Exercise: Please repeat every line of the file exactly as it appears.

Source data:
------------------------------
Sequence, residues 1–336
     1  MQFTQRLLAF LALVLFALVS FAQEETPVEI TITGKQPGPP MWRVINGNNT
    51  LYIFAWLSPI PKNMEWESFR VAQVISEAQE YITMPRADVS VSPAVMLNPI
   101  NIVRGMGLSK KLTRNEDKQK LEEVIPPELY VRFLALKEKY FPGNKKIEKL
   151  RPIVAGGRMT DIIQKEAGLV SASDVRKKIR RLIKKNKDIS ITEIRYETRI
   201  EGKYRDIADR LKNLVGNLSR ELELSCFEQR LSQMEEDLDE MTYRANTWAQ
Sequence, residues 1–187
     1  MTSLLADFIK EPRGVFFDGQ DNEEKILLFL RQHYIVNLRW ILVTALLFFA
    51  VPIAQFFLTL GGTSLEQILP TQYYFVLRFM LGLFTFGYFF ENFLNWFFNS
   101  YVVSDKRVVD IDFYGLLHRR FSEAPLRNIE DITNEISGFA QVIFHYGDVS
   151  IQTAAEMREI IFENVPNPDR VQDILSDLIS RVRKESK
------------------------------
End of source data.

Sequence, residues 1–336
     1  MQFTQRLLAF LALVLFALVS FAQEETPVEI TITGKQPGPP MWRVINGNNT
    51  LYIFAWLSPI PKNMEWESFR VAQVISEAQE YITMPRADVS VSPAVMLNPI
   101  NIVRGMGLSK KLTRNEDKQK LEEVIPPELY VRFLALKEKY FPGNKKIEKL
   151  RPIVAGGRMT DIIQKEAGLV SASDVRKKIR RLIKKNKDIS ITEIRYETRI
   201  EGKYRDIADR LKNLVGNLSR ELELSCFEQR LSQMEEDLDE MTYRANTWAQ
Sequence, residues 1–187
     1  MTSLLADFIK EPRGVFFDGQ DNEEKILLFL RQHYIVNLRW ILVTALLFFA
    51  VPIAQFFLTL GGTSLEQILP TQYYFVLRFM LGLFTFGYFF ENFLNWFFNS
   101  YVVSDKRVVD IDFYGLLHRR FSEAPLRNIE DITNEISGFA QVIFHYGDVS
   151  IQTAAEMREI IFENVPNPDR VQDILSDLIS RVRKESK